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FSDC Suggests Reforms To Develop Hong Kong REITS

by Mary Swire, Lowtax.net, Hong Kong
21 November, 2013

The Financial Services Development Council (FSDC) has pointed out that, while Hong Kong has all the criteria to have a thriving real estate investment trust (REIT) market, it is substantially lagging behind the growth of such markets in other Asian countries.

In a report, entitled "Developing Hong Kong as a Capital Formation Center for Real Estate Investment Trusts," the FSDC considers REITs to be a valuable alternative for investors in many markets and, in the light of the explosive growth of the real estate market in the region and the need for asset securitization products for investors, such as pension funds, the REIT market is poised for growth in Asia in the coming decade.

However, it points out that, while the birth of the Hong Kong REIT (H-REIT) market came with the enactment of the Hong Kong REIT Code in 2003, only ten H-REIT offerings have taken place since then, and notes that the failure to capitalize on REIT market growth potential is largely due to the relative restrictiveness and lack of incentives of the H-REIT regime.

"From the lack of tax incentives to investment restrictions and takeover hurdles," it states, "H-REITs are facing a much tougher operating environment than regional markets, such as Singapore and Malaysia, which are more proactive in growing their REIT markets by addressing issuer and sponsor concerns and facilitating market reforms."

"Development of the international financial industry is robust and rapid," the FSDC adds, "Hong Kong must strengthen its advantages in view of the rapid growth of wealth, the need for investment products to cater to the growing retirement savings market in Asia and other market developments in the region. In most REIT regimes, regulatory changes and tax incentives have proven to be effective tools to grow the market."

For example, in major overseas REIT markets, REITs enjoy certain tax advantages when compared to property companies with a similar business nature. The FSDC believes that such a tax advantage is a fundamental characteristic for REITs as an investment product. Usually, in other jurisdictions, as long as a REIT satisfies the requirement to distribute most of its income to unitholders, it is not subject to income tax at the trust level.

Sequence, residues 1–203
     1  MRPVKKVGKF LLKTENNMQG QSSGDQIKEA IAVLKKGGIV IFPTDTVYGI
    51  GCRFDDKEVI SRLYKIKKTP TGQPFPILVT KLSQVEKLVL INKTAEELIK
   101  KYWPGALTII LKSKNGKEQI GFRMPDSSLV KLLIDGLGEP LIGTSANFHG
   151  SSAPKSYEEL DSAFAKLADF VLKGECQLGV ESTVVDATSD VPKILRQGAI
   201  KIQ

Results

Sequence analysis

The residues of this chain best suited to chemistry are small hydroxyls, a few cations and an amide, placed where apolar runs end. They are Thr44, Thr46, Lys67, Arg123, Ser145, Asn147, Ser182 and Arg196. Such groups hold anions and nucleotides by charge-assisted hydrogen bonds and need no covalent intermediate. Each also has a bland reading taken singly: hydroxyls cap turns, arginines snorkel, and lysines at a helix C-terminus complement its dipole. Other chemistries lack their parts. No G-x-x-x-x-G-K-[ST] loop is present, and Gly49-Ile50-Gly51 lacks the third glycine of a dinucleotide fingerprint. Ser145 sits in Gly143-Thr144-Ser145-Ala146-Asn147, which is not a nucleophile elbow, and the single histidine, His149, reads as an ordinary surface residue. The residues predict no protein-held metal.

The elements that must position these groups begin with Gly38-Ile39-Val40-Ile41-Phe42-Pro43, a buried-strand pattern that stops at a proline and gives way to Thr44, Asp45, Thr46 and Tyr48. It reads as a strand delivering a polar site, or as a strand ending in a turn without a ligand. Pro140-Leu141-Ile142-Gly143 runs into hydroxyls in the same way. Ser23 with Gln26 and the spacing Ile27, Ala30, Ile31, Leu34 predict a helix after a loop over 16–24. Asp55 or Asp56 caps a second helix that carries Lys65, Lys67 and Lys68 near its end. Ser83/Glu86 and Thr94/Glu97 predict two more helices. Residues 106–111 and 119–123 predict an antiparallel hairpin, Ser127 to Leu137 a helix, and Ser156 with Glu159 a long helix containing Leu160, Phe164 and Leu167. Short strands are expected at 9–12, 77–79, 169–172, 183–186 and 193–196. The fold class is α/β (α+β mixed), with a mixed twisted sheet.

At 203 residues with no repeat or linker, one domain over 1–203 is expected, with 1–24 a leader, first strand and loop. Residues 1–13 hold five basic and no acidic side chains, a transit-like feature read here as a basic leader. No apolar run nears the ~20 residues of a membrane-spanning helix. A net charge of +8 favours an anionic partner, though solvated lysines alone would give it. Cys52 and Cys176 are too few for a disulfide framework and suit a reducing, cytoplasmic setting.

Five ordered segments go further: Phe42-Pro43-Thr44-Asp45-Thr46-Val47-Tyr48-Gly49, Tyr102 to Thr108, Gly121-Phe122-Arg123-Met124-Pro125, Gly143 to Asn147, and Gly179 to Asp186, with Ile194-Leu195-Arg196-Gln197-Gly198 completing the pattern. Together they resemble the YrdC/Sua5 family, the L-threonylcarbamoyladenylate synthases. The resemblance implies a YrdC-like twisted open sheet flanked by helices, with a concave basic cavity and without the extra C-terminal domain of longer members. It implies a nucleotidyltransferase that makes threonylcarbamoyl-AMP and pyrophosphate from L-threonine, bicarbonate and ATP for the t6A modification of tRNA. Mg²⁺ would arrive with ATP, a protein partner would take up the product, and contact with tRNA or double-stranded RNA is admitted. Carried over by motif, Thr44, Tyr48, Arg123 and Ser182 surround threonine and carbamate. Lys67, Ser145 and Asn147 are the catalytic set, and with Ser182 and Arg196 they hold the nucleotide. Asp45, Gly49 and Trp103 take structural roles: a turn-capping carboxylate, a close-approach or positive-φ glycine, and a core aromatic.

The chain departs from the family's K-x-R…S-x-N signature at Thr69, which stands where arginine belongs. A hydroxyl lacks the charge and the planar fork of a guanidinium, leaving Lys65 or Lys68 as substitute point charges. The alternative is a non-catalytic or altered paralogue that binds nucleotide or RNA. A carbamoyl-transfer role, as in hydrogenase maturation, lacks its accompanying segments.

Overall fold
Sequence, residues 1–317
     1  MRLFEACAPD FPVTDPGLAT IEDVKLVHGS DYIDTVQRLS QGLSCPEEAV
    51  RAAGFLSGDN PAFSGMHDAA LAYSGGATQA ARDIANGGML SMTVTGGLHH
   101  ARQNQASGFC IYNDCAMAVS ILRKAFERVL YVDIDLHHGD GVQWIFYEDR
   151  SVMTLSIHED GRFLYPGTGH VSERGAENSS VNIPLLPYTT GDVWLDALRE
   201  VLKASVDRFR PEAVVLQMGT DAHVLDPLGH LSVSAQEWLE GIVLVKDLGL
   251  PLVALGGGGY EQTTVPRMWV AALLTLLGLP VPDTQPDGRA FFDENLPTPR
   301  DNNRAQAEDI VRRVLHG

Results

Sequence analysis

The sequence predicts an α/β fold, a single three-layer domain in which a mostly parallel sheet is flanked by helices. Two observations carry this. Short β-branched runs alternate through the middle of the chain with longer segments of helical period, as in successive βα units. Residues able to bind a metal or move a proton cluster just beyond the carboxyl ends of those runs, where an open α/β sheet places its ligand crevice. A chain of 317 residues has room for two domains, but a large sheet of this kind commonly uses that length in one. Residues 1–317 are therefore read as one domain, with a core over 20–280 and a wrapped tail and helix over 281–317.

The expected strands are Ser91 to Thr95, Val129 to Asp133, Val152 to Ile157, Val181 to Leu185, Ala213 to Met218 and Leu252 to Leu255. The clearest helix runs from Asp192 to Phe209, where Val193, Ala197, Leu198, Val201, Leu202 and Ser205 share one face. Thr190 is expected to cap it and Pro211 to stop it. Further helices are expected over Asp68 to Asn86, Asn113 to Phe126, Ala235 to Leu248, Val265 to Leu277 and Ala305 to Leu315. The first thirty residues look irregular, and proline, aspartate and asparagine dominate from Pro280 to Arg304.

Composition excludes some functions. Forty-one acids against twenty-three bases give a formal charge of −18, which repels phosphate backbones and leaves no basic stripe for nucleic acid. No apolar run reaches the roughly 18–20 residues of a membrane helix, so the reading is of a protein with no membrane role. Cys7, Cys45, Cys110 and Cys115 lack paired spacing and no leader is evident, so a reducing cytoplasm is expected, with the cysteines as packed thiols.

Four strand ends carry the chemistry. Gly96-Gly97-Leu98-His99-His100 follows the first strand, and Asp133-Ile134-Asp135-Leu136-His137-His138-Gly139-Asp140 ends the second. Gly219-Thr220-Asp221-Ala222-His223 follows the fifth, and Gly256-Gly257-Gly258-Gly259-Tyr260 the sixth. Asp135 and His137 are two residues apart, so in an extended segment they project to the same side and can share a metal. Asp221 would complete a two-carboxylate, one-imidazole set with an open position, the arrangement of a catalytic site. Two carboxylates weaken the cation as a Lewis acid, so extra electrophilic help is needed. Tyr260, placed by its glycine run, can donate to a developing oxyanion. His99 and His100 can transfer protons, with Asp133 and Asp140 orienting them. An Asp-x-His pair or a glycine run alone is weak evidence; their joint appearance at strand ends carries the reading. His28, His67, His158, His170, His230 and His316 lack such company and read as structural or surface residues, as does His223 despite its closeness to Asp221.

However, Hong Kong's REIT regulations do not accord H-REITs with any tax advantages. Currently, H-REITs have to pay 16.5 percent corporate tax on their profits, despite the REIT Code requirement to distribute 90 percent of their after-tax income. Such tax levied on H-REITs "reduces the distributable amount they can pay to their unitholders, thus putting H-REITs at a clear disadvantage against overseas peers which can offer a higher yielding investment to investors."

The FSDC therefore proposes to give H-REITs equivalent tax transparency as in other jurisdictions, in that the Inland Revenue Department (IRD) should consider amending the Inland Revenue Ordinance to exempt profits tax for H-REITs on rental income.

Furthermore, another discrepancy between the H-REIT market and other REIT markets is seen to be the exemption from payment of stamp duty for the sale or transfer of property. Under Hong Kong laws, both the buyer and seller are jointly and severally liable to pay the stamp duty, and, whether it is a sponsor identifying assets for injection into a soon-to-list H-REIT, or a listed H-REIT trying to expand its portfolio by acquiring new assets from third parties, H-REITs do not enjoy any stamp duty waiver or incentive.

The FSDC therefore recommends that the IRD should consider giving H-REITs a more level playing field with, for example, their Singaporean counterparts, and eliminate the rates for non-residential property acquired by an H-REIT that is listed on the Hong Kong Stock Exchange.

A comprehensive report in our Intelligence Report series giving a country-by-country analysis of offshore investment funds, stock exchanges and trusts, with an analysis of the US QI regime, is available in the Lowtax Library at http://www.lowtaxlibrary.com/asp/subs_reports.asp and a description of the report can be seen at http://www.lowtaxlibrary.com/asp/description_report9.asp

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